Who should we be looking out for as Thailand's key players? Is there anyone missing from this squad through injury or otherwise?

"At the Asian Cup, we had both Chanathip (Songkrasin) and Teerasil (Dangda) missing. Chanathip is now back but I don't think he will start. I think he'll mostly come off the bench for the last 30 minutes, try and make an impact because he has in the same position as Supachok Sarachat who's currently at Hokkaido Consadole Sapporo and has started, I think all three or two of the three games so far in the J.League and has been their key player. He's been very important for Sapporo's attack this season. He scored also a really wonderful goal against Uzbekistan in that game of the Asian Cup. So I think he's definitely the key player to watch out for.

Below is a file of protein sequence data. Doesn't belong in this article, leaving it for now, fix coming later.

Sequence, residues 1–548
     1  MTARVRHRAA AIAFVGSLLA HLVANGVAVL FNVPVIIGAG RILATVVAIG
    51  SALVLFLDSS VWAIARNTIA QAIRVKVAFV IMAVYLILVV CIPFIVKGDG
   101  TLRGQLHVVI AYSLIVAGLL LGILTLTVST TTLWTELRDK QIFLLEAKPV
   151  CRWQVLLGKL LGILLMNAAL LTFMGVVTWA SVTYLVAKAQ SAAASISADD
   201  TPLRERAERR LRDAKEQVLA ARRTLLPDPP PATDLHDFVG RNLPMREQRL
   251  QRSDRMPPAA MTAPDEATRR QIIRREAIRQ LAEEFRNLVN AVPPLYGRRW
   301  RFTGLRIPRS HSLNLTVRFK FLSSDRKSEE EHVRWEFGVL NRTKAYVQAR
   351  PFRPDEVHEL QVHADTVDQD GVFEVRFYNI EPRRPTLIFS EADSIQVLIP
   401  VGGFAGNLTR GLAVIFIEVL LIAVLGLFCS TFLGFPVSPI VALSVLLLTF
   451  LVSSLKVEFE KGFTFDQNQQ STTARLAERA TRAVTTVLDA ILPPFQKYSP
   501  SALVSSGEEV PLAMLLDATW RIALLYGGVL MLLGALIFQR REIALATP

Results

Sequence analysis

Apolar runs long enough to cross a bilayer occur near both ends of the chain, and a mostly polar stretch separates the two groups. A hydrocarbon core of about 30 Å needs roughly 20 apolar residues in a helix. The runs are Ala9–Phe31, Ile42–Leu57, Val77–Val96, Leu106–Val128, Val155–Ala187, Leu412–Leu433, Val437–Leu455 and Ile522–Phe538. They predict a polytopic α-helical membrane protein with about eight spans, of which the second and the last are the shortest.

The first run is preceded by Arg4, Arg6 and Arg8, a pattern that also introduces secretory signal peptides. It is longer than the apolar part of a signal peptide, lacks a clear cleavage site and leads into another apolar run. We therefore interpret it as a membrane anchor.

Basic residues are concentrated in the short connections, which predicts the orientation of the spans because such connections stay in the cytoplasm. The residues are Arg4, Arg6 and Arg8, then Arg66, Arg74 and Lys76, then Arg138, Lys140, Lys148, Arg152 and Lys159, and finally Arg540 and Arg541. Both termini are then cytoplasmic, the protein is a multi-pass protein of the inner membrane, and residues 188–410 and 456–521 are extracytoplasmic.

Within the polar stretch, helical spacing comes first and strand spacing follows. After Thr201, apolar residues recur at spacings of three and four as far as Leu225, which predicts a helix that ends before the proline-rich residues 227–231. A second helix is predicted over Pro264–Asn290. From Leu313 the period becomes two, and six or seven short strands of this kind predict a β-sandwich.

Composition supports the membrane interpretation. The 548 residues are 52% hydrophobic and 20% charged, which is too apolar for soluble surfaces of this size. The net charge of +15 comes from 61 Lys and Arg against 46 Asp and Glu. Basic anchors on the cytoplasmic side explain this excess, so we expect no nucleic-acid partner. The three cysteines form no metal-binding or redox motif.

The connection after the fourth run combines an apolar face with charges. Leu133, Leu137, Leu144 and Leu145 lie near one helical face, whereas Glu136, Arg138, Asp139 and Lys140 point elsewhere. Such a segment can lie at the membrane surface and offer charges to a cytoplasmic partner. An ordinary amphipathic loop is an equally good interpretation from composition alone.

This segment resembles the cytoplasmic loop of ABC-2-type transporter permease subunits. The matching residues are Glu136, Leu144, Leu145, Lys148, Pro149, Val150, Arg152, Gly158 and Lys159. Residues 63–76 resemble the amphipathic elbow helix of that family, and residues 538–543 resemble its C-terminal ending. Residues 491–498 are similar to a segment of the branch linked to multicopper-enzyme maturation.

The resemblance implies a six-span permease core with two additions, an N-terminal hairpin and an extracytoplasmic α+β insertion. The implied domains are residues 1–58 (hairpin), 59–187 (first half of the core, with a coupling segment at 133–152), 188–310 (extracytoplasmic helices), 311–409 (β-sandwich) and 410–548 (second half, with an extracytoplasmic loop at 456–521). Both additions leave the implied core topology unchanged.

"In attack, there's also Supachai Chaided who has taken up the mantle as the main striker to replace Teerasil and he did very well in the Asian Cup as well. I think he'll probably start, and obviously Theerathon (Bunmathan) at left back, also a J.League veteran who is very important to our buildup; he's often the outlet, he plays on the left but he drifts inside, helps create chances, is often very important for getting the ball from our defense to our attack."

Listen to the full conversation on KLU Patreon here

KLU Patreon

K Leaguers to Watch